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Logan city considers outsourcing coal to meet power demands

Coal power
Anamnesis
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Unsplash
Coal power

“Last year, we were one of the fastest-growing communities as least as far as electric load goes, in Utah. In fact, I think we even beat Lehi which has always been heads and tails above us ,” said Mark Montgomery.

He is the Executive Director of the Logan City Light and Power department. It’s his job to secure power to ensure the lights will turn on and the air conditioning will blow during the summer months.

“Growth has outpaced my ability to keep up with that load so I become more and more exposed to the prices of power on the open market. I can get power, it's just what I pay for it. This summer when I run short and I have to go to the open market to buy it I'm gonna be spending in the hundreds of dollars per megawatt-hour because I don’t have a contract locked up. So Enchant allows me to lock up a reasonably priced chunk of power.”

One potential long-term solution to meet Logan’s rising energy demands at a reasonable price involves a 15-year contract with Enchant Energy, a New Mexico-based company focused on retrofitting coal-fired power plants to perform amine-based carbon capture and storage.

“My hope is that this Enchant project has the benefits of all of the above. It's able to get most of the carbon out of the air and it still has that very small footprint for a large energy density and a very reliable power output. The opponents to that say well carbon sequestration doesn’t work and they might be right but we’re all really willing to let battery storage technology develop I would like to give this technology a chance to develop.”

Patrick Belmont, head of the Watershed Sciences Department at Utah State University and Vice Chair of the city’s Renewable Energy and Sustainability Advisory Board (RESAB), has concerns over the proposed contract with Enchant Energy.

“I think the city should very aggressively begin to explore other alternatives to generate renewable or at least non-carbon pollution-based power. That should be the top priority,” said Belmont.

“The idea that this coal plant is presented as the only option I think is unfortunate. We have to avoid brownouts, there’s no question about that, but we need to be doing it in a way that is not perpetuating the problem and not really threatening the future of our kids and grandkids.”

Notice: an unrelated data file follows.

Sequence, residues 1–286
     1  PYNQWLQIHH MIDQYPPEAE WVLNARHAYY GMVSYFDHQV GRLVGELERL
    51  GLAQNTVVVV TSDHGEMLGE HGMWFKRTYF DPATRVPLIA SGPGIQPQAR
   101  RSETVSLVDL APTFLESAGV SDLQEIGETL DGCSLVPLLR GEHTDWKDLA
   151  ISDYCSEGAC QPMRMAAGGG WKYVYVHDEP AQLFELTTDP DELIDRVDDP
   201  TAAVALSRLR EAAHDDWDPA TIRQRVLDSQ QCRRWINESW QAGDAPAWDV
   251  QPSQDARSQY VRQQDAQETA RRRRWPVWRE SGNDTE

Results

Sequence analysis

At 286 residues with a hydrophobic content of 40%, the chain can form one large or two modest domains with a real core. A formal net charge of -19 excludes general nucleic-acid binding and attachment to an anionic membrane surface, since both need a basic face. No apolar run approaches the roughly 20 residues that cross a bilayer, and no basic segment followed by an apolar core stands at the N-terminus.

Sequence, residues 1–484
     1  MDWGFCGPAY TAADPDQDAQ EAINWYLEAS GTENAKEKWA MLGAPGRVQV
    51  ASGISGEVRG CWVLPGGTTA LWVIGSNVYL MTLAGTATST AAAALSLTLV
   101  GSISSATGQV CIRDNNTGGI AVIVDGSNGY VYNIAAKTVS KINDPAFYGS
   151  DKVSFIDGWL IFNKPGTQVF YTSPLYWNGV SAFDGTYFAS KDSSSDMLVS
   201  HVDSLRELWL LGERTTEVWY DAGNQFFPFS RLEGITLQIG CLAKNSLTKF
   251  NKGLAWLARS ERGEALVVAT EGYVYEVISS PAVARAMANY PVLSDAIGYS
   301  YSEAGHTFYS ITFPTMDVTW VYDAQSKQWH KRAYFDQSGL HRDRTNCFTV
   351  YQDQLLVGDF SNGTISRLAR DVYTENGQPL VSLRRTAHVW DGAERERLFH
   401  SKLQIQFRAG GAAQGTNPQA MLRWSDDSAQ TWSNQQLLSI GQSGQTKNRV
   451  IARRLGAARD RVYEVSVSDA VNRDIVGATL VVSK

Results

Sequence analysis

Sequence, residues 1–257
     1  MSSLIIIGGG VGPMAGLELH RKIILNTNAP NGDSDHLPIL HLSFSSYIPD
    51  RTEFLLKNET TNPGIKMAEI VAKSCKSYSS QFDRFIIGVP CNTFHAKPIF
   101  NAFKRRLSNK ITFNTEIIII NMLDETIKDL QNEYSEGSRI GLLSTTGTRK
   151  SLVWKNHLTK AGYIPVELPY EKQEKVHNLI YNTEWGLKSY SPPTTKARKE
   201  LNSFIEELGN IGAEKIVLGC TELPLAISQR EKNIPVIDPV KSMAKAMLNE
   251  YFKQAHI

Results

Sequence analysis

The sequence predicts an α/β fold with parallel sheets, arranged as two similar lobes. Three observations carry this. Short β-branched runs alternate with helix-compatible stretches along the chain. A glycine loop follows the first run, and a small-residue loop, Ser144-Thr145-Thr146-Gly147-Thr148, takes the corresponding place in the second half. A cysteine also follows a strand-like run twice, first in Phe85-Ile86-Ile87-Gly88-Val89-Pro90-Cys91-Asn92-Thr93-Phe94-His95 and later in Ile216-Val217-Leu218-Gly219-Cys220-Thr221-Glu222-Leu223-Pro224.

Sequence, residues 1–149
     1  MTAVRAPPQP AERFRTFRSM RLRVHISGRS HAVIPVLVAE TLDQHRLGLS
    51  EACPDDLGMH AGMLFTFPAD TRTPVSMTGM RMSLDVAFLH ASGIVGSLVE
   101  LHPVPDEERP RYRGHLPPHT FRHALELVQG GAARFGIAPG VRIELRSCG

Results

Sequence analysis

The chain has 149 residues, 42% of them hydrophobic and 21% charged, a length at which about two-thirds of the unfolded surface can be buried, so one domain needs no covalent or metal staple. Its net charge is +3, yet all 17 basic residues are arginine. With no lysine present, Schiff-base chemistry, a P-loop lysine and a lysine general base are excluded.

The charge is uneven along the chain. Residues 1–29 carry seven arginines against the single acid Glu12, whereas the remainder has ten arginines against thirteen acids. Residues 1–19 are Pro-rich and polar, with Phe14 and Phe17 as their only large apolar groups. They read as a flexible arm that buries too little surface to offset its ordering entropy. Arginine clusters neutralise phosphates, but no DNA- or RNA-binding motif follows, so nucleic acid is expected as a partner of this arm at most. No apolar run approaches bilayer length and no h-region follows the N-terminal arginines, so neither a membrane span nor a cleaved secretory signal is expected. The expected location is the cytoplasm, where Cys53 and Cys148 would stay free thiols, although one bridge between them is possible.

As of November 2017, the Renewable Energy and Sustainability Advisory Board had set a goal for 50% or more of the Logan City Light and Power Department’s energy sales to be supplied by renewable energy sources by 2030. Mayor Holly Danes says Logan is on track to meet that goal, but Montgomery says increasing our renewable energy footprint has tradeoffs.

“Over the next couple of years, we will pick up 15 megawatts of solar power, which, were trying to increase that renewable footprint that we have however keep in mind that for every megawatt of solar I buy I have to 100% back that up with another resource that's available at night,” said Montgomery.

The growth of renewable energy sources is one way Belmont says we can start to fight climate change, but, he says, our current efforts aren’t going to be enough.

“There’s still time to turn this around, but we need to start making really demonstrable progress now. And stop the games, stop the talking around the issue. We need to address this really difficult issue head-on. And we can, we have the technology we need. We really need the political willpower. We need individual citizens talking about this problem, because once we start talking about it, that naturally leads to real action. If you’re sitting at home and you’re concerned about climate change, you have to make sure that the mayor, and city council, and Logan Light and Power know that.”

Ultimately, Montgomery’s main priorities are maintaining Logan City’s high standards of reliable, affordable power.

“My argument is and maybe it's a poor argument, but it’s the reality of my job, is that I either enter into the contract for the power at a reasonable price or I go buy that same power on the open market at hundreds of dollars a megawatt-hour. It's the same power.”

The city council is expected to review a power purchase agreement with Enchant Energy in May, but until then, Logan residents will remain in the dark about where their energy will be coming from this summer.

Anna grew up begging her mom to play music instead of public radio over the car stereo on the way to school. Now, she loves radio and the power of storytelling through sound. While she is happy to report on anything from dance concerts to laughter practice, her main focus at UPR is political reporting. She is studying Journalism and Political Science at Utah State University and wants to work in political communication after she graduates. In her free time, she spends time with her rescue dog Quigley and enjoys rock climbing.